Skip to main content

Roman Holiday

Last year we had our first ever "Back to School Feast." The idea came from this post by Nie over at NieNie Dialogues. Our theme last year, which I did take pictures of but did not come out (that's another story), included a table loaded down with 'treasure' (fake jewels and necklaces from Party City and Josh's treasure box), fancy china bowls and candy dishes filled up with mini fruits and other sweets, fresh baked rolls, a roast (because Josh had to be castle appropriate), drinks from Grandma Annie's red glasses (typically set aside for Christmas but the most gobletish cups I had at the time), plastic crowns, fancy gold place mats, napkins and napkin rings (purchased on clearance) and gold paper plates.

This year we are repeating the tradition but with a Roman theme. Why Roman? Josh is currently obsessed with all things Mythology (and he hasn't even read the Percy Jackson books despite my encouragement) and has spent basically the whole summer with his nose buried in a Mythology book. He can spew facts on demand. Or even when you don't demand and would really like him to just-please-talk-about-something-else-for-the-love!

Anyhow, we are combining the Back to School Feast with a joint birthday party for Josh and Carly. And while I haven't figured out just how I'm going to produce a Coliseum cake (read won't produce), I did indulge in a little labor of love this afternoon for my two offspring and their assorted family who will hopefully be able to attend: laurel crowns.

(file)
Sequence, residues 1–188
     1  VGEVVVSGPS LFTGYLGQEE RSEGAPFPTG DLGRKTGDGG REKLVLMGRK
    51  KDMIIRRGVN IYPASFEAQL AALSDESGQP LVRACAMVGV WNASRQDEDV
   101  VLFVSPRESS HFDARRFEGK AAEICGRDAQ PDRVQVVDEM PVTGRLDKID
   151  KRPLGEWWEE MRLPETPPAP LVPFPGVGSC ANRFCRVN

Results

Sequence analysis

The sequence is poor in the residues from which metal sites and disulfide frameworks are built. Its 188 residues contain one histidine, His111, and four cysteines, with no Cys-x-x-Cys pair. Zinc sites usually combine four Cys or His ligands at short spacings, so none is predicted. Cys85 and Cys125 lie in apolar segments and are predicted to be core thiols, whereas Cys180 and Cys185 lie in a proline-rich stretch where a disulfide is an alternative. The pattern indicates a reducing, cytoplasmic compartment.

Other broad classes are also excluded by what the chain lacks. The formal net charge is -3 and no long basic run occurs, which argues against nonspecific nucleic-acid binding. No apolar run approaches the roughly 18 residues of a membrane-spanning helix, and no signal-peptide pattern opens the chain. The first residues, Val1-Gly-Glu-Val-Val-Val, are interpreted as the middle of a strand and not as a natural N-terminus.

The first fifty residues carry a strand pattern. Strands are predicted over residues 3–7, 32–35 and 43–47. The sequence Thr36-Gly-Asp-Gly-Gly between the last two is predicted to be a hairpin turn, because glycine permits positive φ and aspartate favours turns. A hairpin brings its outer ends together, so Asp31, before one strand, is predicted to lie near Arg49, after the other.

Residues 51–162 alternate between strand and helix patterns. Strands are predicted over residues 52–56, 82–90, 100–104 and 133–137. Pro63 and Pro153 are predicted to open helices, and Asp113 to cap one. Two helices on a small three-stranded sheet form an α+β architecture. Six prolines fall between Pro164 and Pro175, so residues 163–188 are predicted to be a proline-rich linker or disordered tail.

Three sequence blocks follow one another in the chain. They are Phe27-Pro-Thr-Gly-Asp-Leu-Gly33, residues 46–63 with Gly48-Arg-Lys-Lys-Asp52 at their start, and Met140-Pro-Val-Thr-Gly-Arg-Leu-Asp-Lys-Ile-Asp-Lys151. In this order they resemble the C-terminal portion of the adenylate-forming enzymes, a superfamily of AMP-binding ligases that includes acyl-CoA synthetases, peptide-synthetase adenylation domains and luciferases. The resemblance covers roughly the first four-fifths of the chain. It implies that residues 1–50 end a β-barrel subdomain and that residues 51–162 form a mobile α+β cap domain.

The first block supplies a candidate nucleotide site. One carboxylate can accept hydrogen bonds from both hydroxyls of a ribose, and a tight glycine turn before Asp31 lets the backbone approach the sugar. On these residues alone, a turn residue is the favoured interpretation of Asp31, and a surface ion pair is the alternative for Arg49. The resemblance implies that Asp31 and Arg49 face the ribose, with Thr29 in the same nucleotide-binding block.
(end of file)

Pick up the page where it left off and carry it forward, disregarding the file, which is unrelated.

Now, my search of crafts on the interweb were pretty much fruitless. The best directions I could find for making a laurel crown were sans pictures or consisted of a construction paper band with large leaves stapled on. So, hoping to spare you from your own disappointment when you decide to throw your own Roman themed party {snicker}, here are my instructions for crepe paper laurel crowns WITH pictures.











It was about $5 for all my supplies, including paper for party invitations. (I'll show you those later, they aren't done) and I have lots of crepe paper left. I'm sure someone more resourceful would turn that into a crazy cool craft, but I'm just going to throw it in the craft closet. Keeping this craft cheap frugal was important to me since I know that the little darlings will all destroy their laurel crowns within an hour of their coronations.

All told, it took me longer to edit and upload the pictures than to make the laurel crowns...about 45 minutes to make 15.

Comments

Pam said…
What a great idea! I am going to borrow it, so thanks for sharing. I miss ya, especially this week when I was thinking about calling "our" ladies we visit teach to make appointments. :( Love ya lots
Sarah said…
I miss you too, it was so great to talk to you the other day. I've never had such an easy friendship with someone and I doubt I'll ever find it again!
Jamie Lyn said…
THOSE ARE WAY CUTE!!!!!

Popular posts from this blog

Dear Carly,